News at a glance
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Norwich changes its foreign policy
City College Norwich is to drop a controversial pilot scheme that outsourced the processing of student applications to India. As reported in TES earlier this month ("College pilot for offshore admin hits a few snags", 6 April), the college admitted that the #163;8,800, three-month project had encountered "teething problems". It has now decided not to extend the pilot after admitting it would take longer than had been thought to deliver "added value". Jon Richards, head of education at Unison, which opposed the project, said: "It seems straight common sense that at a time of heavy public spending cuts, taxpayers' money should be spent in local communities, rather than on exploiting cheap labour abroad."
New president at the AoC
The Association of Colleges (AoC) has announced that Maggie Galliers, principal of Leicester College, will become its new president. Ms Galliers has been in charge at Leicester since 2002 and is a former principal of Henley College Coventry. She will take over from current AoC president Fiona McMillan in August. "Colleges are the backbone of the education sector and offer programmes of a breadth and depth that are second to none," Ms Galliers said. "It will be an honour to serve as AoC president, a role to which I will bring all my energy, commitment and passion."
Chesterfield College faces strike ballot
The University and College Union (UCU) has said that it will ballot members at Chesterfield College over strike action in a dispute about jobs and pay. The college has announced plans to make 39 teaching staff redundant by the end of the current term and is threatening to reduce the salaries of staff paid by the hour, UCU said. "Chesterfield College's plans are bad for staff and students and will deter the best and brightest from wanting to come and work here," said regional officer Anne O'Sullivan. "The college has left us with little choice but to ballot members."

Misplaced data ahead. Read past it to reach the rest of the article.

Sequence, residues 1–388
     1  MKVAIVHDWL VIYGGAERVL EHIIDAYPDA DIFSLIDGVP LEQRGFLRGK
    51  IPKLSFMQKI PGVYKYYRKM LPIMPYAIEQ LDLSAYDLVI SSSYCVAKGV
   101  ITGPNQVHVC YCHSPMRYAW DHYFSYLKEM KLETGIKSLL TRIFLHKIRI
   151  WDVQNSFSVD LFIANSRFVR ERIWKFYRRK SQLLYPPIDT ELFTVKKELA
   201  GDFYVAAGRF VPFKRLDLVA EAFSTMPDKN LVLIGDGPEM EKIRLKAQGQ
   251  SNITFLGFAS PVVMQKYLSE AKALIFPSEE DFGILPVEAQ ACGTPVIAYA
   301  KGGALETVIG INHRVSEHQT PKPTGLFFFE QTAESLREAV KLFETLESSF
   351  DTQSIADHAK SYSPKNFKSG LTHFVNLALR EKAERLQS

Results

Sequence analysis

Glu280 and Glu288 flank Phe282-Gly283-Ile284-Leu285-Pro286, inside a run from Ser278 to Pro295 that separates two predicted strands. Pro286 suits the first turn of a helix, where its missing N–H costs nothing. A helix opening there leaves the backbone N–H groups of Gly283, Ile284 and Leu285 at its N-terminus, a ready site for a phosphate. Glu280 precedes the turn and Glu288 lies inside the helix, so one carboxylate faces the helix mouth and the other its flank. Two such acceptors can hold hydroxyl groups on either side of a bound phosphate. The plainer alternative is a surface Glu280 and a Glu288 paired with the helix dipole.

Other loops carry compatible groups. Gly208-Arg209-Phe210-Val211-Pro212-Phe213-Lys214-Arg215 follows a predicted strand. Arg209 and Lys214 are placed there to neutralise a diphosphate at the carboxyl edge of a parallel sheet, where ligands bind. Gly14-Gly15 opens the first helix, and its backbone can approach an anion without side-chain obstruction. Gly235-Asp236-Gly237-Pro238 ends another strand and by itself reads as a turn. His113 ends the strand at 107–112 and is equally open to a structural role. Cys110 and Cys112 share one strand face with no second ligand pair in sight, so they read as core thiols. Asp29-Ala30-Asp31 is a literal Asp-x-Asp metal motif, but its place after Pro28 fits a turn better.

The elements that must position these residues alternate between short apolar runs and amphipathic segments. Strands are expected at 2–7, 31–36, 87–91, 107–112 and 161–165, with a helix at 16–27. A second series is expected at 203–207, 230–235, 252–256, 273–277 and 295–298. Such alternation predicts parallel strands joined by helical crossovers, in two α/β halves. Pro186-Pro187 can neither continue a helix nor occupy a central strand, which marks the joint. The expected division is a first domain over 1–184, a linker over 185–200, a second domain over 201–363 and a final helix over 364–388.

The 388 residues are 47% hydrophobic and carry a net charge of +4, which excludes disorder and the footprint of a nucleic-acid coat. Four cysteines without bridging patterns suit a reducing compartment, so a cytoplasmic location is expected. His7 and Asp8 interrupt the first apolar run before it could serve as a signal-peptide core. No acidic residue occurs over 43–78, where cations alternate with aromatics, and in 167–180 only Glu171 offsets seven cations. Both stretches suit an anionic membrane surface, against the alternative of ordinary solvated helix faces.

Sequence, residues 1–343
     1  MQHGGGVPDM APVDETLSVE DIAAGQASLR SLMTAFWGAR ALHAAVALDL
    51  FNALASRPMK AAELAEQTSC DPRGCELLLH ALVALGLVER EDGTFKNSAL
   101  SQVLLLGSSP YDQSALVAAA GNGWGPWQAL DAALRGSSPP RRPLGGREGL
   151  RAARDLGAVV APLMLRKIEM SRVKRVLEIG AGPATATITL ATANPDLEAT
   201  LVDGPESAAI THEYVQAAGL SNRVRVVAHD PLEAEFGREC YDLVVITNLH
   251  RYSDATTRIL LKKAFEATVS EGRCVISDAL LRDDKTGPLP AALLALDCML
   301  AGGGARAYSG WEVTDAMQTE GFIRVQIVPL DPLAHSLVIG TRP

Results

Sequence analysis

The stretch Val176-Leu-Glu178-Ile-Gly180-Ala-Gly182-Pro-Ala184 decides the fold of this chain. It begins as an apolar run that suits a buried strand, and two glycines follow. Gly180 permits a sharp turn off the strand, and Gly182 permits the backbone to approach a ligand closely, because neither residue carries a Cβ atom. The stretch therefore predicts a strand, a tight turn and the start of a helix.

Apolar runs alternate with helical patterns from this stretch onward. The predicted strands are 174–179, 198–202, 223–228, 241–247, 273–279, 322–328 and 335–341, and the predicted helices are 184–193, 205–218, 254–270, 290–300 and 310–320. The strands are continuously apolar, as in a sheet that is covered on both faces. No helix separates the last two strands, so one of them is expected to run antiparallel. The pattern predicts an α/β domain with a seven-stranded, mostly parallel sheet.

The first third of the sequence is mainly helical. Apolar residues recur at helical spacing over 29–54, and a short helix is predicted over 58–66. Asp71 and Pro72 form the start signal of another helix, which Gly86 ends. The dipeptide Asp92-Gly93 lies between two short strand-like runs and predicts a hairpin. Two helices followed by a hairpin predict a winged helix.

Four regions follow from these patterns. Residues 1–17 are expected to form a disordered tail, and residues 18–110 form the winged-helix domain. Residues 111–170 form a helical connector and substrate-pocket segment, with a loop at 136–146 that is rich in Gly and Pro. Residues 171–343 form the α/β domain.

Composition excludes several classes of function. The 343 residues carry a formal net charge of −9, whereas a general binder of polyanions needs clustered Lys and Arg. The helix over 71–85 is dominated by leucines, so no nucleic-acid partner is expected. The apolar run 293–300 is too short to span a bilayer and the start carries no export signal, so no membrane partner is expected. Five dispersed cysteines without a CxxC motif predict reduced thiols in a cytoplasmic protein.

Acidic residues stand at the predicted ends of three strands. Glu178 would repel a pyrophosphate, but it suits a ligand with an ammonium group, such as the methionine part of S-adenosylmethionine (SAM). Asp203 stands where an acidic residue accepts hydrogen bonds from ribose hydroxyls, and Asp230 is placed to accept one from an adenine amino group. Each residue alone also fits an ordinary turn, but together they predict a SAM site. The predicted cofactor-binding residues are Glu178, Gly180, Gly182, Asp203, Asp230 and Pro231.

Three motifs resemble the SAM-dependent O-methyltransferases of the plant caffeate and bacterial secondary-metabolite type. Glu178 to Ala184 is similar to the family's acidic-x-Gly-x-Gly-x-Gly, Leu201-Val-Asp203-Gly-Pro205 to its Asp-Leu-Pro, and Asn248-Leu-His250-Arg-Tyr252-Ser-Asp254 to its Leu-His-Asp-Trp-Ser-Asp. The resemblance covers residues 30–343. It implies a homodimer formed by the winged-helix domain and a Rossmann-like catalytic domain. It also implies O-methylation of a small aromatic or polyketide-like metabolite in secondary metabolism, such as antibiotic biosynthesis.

Destination education: pupils stick with it in Wales
A major survey in Wales suggests that more 16-year-olds are staying on in full-time education. Careers Wales's annual "pupil destination" survey shows that the proportion staying on in education increased from 82.8 per cent in 2010 to 85.1 per cent in 2011. Of those, 55 per cent remained in school while 45 per cent went to FE colleges. However, there is still concern over the growing numbers of young people who become Neet (not in education, employment or training) at the age of 18. Trina Neilson, chief executive of Careers Wales, said more could be done to ensure that these young people receive support in schools and colleges.